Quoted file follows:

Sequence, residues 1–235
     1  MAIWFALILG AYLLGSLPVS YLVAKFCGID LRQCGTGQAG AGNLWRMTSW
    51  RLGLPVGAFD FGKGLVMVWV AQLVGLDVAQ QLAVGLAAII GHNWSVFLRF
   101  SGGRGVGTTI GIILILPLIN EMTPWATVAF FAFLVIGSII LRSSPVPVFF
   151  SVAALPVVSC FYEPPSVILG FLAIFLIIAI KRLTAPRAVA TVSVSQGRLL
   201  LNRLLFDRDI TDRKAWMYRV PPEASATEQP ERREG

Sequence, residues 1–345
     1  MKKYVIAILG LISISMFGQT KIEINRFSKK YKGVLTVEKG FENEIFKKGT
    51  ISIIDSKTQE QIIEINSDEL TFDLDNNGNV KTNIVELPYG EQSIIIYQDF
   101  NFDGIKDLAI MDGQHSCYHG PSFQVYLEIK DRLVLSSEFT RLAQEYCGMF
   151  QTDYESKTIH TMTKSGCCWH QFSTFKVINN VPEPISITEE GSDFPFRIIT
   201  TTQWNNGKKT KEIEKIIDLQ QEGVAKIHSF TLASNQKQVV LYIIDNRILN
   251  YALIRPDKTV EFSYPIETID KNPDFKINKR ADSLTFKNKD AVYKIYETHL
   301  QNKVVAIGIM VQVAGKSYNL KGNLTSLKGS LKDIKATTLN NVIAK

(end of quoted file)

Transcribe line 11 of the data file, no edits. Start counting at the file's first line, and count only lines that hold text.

   151  QTDYESKTIH TMTKSGCCWH QFSTFKVINN VPEPISITEE GSDFPFRIIT